>> combination of curves (and sometimes hints) to describe what they
>> should look like. </OT>

>
> Nonsense. In the old days, characters were little metal
> dies that pressed an inked ribbon against paper (various
> mechanical arrangements were used). With the right sequences of
> characters you could get some printers to emit sounds that had
> pitch and could produce recognizable tunes, but that tended to
> eat holes in the ribbon and earn you a stern talking-to from the
> computer operators.


Characters? In the old days?



--
Martijn
http://www.sereneconcepts.nl


 
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Martijn
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      10-04-2005
Walter Roberson wrote:
> In article <433ff6f4$0$11071$(E-Mail Removed)4all.nl>,
> Martijn <(E-Mail Removed)> wrote:
>> (E-Mail Removed) wrote:
>>> My question is what exactly IS a text character? Is it a
>>> bitmap?

>
>> <OT>
>> In the old days (and still today if you switch to CLI/DOS mode or
>> run a UNIX-like OS without a GUI like X) the characters were stored
>> in memory in a special location (setting some pointers in the BIOS
>> memory, you could override these) as bitmaps.

>
> Character bitmaps stored in BIOS-accessible memory is a new-fangled
> innovation. Real video character bitmaps are pulled from ROM in a
> character-generator circuit.


You are right - I remember specifically liking the glyphs of one video card,
while disliking those of another (I think the latter was the Diamond Fire).
Either way I was saying that setting some pointers in the mapped BIOS memory
space - I am not sure which ones anymore - allowed you to specify one or two
alternate sets, not that they were actually stored in the BIOS. Hopefully I
am using proper nomenclature here, because I am not sure that I am.

--
Martijn
http://www.sereneconcepts.nl


 
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Walter Roberson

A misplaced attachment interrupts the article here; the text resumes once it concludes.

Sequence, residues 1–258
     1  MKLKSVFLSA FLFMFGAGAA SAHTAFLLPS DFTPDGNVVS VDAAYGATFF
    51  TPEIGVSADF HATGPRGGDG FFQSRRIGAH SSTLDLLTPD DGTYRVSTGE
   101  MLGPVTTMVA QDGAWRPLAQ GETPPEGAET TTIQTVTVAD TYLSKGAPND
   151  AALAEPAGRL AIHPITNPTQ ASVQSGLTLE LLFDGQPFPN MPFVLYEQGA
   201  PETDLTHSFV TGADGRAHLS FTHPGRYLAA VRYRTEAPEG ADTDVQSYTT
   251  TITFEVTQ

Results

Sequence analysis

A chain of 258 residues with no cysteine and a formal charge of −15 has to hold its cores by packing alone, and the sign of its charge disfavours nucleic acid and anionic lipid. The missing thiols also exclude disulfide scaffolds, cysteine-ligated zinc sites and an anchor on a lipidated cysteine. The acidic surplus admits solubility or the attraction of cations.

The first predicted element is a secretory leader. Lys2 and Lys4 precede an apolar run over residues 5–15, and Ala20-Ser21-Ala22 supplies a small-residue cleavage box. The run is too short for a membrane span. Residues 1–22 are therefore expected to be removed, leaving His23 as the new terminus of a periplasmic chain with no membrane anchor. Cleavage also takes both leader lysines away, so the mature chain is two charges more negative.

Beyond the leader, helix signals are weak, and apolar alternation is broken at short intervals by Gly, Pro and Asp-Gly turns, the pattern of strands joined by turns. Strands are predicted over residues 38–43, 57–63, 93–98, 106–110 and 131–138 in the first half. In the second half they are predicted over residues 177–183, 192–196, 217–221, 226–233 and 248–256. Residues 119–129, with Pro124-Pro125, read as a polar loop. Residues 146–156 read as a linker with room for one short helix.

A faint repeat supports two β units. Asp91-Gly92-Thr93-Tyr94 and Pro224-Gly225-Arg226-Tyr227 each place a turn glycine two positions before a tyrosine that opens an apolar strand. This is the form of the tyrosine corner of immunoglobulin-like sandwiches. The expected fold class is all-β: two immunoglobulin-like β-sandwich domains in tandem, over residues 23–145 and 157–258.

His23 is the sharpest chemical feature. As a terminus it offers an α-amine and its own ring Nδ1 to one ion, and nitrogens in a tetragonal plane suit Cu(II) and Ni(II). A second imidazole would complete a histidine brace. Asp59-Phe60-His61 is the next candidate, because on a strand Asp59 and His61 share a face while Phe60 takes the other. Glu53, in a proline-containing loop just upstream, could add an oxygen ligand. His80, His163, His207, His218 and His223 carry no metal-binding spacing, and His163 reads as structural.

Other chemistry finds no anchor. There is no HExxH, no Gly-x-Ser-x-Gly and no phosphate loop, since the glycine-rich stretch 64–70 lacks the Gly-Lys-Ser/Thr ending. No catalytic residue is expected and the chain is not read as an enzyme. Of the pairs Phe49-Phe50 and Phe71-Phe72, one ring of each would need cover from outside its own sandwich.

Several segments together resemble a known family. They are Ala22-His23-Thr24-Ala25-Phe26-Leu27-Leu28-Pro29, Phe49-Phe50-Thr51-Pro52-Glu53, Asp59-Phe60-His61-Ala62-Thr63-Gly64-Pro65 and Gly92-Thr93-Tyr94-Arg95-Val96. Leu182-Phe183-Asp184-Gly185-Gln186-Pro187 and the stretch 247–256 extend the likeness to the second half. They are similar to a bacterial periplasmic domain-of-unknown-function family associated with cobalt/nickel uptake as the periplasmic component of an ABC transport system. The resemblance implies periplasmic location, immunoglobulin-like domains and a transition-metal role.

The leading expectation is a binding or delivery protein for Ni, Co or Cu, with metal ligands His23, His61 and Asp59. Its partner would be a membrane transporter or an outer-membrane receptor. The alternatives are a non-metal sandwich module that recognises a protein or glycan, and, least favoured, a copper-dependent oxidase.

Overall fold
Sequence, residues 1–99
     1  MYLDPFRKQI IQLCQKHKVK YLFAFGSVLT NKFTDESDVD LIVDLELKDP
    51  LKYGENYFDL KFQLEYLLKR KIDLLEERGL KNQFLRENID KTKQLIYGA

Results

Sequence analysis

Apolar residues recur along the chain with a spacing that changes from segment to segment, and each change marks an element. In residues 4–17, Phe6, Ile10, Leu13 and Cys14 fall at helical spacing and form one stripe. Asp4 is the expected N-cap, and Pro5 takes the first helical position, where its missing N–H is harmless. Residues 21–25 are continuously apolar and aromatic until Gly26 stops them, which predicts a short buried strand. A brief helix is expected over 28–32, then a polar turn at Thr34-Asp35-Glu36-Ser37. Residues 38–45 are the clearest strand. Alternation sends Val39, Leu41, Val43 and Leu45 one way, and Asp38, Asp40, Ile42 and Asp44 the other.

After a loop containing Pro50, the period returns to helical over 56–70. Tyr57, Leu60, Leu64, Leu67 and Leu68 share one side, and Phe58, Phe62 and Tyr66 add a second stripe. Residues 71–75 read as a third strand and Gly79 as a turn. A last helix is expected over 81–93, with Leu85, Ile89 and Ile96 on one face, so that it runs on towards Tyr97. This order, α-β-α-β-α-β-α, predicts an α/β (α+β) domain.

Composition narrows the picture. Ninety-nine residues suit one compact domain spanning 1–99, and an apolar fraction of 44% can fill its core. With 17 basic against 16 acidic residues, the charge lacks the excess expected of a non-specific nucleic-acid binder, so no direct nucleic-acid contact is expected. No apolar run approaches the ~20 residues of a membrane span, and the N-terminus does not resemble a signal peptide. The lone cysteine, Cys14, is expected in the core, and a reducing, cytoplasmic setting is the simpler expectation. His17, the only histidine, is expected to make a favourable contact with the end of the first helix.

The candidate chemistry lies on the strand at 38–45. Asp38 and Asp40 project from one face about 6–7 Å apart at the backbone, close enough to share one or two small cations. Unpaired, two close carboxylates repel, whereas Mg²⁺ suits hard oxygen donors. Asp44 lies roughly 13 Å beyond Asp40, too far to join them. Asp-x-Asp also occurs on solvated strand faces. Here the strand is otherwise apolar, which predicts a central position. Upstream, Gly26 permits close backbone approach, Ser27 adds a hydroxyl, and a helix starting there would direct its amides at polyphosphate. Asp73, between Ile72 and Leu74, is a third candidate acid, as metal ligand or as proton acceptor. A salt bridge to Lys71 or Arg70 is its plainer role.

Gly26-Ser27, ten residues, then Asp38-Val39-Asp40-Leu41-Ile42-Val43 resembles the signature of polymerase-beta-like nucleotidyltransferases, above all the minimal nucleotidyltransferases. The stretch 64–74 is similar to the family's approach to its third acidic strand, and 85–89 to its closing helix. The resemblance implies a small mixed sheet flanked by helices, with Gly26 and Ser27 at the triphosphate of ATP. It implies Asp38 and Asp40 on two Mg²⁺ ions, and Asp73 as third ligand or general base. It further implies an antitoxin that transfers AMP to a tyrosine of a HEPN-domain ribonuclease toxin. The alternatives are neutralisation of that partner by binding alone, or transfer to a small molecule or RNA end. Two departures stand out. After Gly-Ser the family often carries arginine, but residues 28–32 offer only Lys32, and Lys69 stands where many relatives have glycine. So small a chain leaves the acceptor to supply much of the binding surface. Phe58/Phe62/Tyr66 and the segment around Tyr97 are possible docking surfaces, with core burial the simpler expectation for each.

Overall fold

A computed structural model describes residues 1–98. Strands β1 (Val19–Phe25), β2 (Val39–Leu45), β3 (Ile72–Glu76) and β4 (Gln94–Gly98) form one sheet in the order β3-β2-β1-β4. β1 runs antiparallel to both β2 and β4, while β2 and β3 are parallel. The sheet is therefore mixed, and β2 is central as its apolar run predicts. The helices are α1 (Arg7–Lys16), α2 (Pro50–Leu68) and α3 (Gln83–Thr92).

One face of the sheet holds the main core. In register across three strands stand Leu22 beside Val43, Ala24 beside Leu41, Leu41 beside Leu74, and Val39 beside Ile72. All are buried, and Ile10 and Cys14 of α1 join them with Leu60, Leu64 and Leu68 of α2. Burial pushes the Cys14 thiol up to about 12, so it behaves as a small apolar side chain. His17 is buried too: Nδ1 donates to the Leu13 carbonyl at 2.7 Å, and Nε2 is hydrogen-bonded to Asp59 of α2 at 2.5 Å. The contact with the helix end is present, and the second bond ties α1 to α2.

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      10-05-2005
In article <434418e1$0$11069$(E-Mail Removed)4all.nl>,
Martijn <(E-Mail Removed)> wrote:
>Walter Roberson wrote:
>> Character bitmaps stored in BIOS-accessible memory is a new-fangled
>> innovation. Real video character bitmaps are pulled from ROM in a
>> character-generator circuit.


>You are right - I remember specifically liking the glyphs of one video card,
>while disliking those of another (I think the latter was the Diamond Fire).
>Either way I was saying that setting some pointers in the mapped BIOS memory
>space - I am not sure which ones anymore - allowed you to specify one or two
>alternate sets, not that they were actually stored in the BIOS. Hopefully I
>am using proper nomenclature here, because I am not sure that I am.


BIOS?? You must be one of them Pro-gress-ives chaps. You probably
didn't even build your own terminal !! Back in my day, we had to worry
about re-using scan lines in the ROM because 256 byte ROMs were so
expensive.
--
I was very young in those days, but I was also rather dim.
-- Christopher Priest
 
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Lew Pitcher
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Posts: n/a
 
      10-06-2005
-----BEGIN PGP SIGNED MESSAGE-----
Hash: SHA1

Walter Roberson wrote:
> In article <434418e1$0$11069$(E-Mail Removed)4all.nl>,
> Martijn <(E-Mail Removed)> wrote:
>
>>Walter Roberson wrote:
>>
>>>Character bitmaps stored in BIOS-accessible memory is a new-fangled
>>>innovation. Real video character bitmaps are pulled from ROM in a
>>>character-generator circuit.